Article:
We perched ourselves onto a large moss covered rock to rest for a while and gather our thoughts. My daughter brought out some savoury biscuits and my sons munched on pop corn in between sips of water.

The rock we rested upon was surrounded by low lying ferns and small coach wood trees. A steady fresh stream of fresh water raced down and jumped over the small rocks and fell into a large pond. The sound of flowing water headed into the unknown in an easterly direction. We had found the little distant waterfall.

Once we were well rest and hydrated, we discuss the idea of walking back up to the top of the gorge. A chorus of sighs could be heard. Shoulders dropped like a well choreographed dance and a look of dread filled our faces. We hatched a plan to continue east to the foothills of the Blue Mountains. My son and I had ridden mountain bikes down in that area before, so we had a loose idea of which direction to head. Sunlight was quickly fading and we had to get moving. Fast. The thought of a freezing cold night stuck down the bottom of a gorge in the Blue Mountains was unnerving. This prompted us to get up and go. Due to a constant lack of the sunlight at the bottom of the gorge, the area was transformed into temperate rainforest. The coachwood trees created a thick canopy and the bracken was choking. One we started to make our way, every step was arduous and tentative. The uneven ground made each step a constant guessing game. Was the grown even or did it drop down one metre? I led the way and pushed back the bracken as best as I could to identify the terrain. It was hard going. Hidden vines tripped me up occasionally and brought me crashing down. Lying on my back underneath the bracken, I quickly dusted myself off and kept pushing on. With every step I constantly thought there must be a better way. Once the wife and kids caught up we had another family discussion and came to the conclusion that it might be better to work our way up the sourthern side of the gorge, where the rainforest becomes bushland and make our way along side the ridge and stay out of the vines and bracken. We looked up. There was a towering sandstone ridge to scale. The afternoon sun lit up the top side of the gorge, yet we knew that the sunlight wouldn’t prevail for much longer. Daylight was closing to an end, we had to keep moving upwards and and then head east. I took a line up the ridge and headed east. My wife and children climbed further up the ridge to a higher point and then continued east. We had unintentionally chosen another path and stuck to it. I was making good ground. I had scaled the steep ridge and was moving steadily though the bush. the valley was steep, but the terrain was rockier and clear.  The silence of the canyon was sometimes broken with each step through the bush and from when I screamed out a “coo-ee”in order to be heard by my trailing family, somewhere in the bush. I could hear a very faint “coo-ee”in the far distance, so I could breathe easy knowing the family weren’t too far away. I started to make my way down the ridge line and I could see the power lines at the foot hills of the mountain. I stopped and smiled to myself. I knew we were safe. I had been to the power lines before via a mountain bike track. I mustered up a deafening “coo-eeeeee”and my son returned the familiar sound. They were fifteen minutes behind me and had finally made their way down the ridge to the power lines as well. We greeted each other like a family that had been departed for years. We hugged and laughed and continued to exit point about two kilometres away.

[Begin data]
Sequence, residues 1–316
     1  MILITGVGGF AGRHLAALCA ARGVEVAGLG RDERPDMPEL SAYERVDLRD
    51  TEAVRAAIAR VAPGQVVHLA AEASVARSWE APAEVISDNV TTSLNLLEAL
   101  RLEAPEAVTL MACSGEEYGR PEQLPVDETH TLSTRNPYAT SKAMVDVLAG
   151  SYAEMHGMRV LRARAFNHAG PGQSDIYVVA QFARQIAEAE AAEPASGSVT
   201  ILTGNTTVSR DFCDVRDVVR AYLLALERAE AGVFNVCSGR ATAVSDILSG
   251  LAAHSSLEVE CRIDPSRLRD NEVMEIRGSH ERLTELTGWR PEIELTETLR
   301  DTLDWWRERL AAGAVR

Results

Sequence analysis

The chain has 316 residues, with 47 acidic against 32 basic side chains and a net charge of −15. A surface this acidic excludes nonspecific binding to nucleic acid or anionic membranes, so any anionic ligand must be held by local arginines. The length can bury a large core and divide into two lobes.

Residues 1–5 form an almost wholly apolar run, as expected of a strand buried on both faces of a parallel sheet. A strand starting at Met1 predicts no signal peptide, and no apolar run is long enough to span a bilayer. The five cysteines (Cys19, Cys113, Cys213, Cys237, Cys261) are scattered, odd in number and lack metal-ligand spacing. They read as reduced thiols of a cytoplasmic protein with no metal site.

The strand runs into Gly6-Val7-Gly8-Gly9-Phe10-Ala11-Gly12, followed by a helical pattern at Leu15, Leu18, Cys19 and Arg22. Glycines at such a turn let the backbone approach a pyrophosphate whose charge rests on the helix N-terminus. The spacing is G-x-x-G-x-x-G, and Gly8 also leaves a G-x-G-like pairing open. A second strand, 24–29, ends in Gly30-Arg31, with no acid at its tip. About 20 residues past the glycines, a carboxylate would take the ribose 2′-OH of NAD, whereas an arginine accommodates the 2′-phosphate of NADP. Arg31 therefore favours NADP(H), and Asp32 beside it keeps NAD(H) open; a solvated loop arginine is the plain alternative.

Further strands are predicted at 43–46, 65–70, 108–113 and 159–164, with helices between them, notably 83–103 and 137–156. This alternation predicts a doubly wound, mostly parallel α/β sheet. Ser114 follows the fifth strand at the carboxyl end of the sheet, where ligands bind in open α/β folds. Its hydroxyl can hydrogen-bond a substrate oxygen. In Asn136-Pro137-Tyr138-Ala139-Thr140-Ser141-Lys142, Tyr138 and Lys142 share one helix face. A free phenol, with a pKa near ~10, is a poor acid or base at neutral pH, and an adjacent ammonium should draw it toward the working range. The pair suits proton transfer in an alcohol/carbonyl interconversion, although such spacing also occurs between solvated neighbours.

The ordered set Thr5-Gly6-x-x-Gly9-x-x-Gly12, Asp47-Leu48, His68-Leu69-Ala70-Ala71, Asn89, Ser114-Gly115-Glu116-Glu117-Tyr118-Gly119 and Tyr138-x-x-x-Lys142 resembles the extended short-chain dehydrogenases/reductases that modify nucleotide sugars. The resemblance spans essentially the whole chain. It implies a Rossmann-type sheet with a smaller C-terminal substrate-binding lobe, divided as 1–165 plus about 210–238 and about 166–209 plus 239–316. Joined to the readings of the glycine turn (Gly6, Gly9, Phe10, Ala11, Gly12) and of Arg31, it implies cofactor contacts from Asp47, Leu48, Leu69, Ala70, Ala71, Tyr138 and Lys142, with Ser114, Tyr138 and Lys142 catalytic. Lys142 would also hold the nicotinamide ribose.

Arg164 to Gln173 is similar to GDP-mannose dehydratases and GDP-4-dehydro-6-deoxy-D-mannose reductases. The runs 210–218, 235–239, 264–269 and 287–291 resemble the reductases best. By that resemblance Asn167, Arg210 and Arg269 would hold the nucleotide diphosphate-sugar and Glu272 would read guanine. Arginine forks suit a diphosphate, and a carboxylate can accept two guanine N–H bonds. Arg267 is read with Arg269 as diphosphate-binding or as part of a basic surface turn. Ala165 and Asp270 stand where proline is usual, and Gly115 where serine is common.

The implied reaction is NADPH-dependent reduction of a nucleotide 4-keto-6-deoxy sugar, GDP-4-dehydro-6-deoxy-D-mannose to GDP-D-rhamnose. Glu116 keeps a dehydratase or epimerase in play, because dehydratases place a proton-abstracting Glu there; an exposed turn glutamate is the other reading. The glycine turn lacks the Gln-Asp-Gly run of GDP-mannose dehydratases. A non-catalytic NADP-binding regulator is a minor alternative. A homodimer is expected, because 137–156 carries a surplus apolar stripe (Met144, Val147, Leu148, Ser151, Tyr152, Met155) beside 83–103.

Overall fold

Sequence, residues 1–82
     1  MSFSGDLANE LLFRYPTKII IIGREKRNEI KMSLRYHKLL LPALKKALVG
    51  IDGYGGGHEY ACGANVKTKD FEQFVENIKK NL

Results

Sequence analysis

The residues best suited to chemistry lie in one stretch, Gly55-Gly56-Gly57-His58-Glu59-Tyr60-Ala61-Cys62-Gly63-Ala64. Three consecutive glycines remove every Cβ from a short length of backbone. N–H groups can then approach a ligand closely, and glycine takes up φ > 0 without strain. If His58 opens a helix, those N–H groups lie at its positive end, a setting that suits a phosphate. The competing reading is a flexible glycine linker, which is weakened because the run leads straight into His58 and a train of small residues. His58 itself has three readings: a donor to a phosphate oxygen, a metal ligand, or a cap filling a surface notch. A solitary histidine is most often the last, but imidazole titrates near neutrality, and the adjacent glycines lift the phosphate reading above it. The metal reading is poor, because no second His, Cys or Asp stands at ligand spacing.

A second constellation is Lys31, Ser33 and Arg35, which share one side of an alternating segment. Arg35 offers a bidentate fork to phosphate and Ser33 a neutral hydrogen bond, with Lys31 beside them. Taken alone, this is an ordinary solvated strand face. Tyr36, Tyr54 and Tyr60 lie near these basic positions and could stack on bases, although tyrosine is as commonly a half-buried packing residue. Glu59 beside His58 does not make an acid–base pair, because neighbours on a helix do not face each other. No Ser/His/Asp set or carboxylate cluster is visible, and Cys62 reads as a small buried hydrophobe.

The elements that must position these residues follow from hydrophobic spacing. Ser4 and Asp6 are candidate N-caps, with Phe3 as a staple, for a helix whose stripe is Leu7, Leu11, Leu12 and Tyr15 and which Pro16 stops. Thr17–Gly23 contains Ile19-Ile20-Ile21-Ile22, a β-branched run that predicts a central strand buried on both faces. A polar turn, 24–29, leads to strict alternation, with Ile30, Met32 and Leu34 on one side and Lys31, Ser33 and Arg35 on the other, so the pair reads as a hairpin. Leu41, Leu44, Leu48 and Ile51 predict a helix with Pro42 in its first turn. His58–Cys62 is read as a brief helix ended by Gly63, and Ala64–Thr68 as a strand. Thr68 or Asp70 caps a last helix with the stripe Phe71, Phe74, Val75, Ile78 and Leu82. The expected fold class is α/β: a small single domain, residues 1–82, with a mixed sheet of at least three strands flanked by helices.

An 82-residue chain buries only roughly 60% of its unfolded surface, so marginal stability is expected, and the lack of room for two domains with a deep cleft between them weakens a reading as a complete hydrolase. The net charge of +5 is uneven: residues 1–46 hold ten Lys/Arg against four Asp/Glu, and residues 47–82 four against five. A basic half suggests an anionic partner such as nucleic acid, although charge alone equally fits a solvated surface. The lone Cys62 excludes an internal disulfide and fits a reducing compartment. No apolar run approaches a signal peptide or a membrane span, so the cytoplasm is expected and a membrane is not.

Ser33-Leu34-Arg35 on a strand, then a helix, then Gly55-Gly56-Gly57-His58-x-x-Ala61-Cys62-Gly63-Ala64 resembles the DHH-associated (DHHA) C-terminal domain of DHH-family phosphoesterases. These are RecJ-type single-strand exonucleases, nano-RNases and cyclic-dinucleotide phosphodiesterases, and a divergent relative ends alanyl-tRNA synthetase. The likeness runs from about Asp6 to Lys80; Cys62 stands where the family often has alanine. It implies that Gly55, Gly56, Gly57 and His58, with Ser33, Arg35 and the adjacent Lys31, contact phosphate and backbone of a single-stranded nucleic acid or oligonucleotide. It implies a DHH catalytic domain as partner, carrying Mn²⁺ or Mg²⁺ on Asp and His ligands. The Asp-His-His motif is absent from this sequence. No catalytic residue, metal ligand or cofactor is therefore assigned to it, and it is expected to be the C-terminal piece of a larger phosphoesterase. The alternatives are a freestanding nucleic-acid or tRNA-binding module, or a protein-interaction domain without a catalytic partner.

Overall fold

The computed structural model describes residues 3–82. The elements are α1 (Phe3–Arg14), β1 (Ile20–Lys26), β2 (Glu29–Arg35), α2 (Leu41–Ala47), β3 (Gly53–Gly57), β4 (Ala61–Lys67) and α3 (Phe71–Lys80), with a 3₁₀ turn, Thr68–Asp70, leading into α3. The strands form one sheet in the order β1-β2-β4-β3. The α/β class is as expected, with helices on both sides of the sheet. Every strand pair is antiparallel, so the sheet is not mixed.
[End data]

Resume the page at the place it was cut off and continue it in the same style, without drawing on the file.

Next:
Our hands were blackened from grabbing onto burnt trees as we made our way though the bushland and our legs were covered in surface scratches from the bracken and vines. Physically and mental tiredness started to kick in as we made our way back to the road. But the smile remained on our faces. We phoned our neighbour and asked them for a lift back home and they kindly obliged.

Upon returning home, we all let out a sigh of relief. We kicked our shoes off at the door and headed straight back to the lounge. When I sunk back into the lounge where I had found myself five hours earlier, I asked myself if I should’ve stayed on the lounge in the first place. Basking in the light radiating from the heater and tv. My youngest son came running down the stairs and jumped on me and gave me a big hug and thanked me for the big adventure. There was my answer.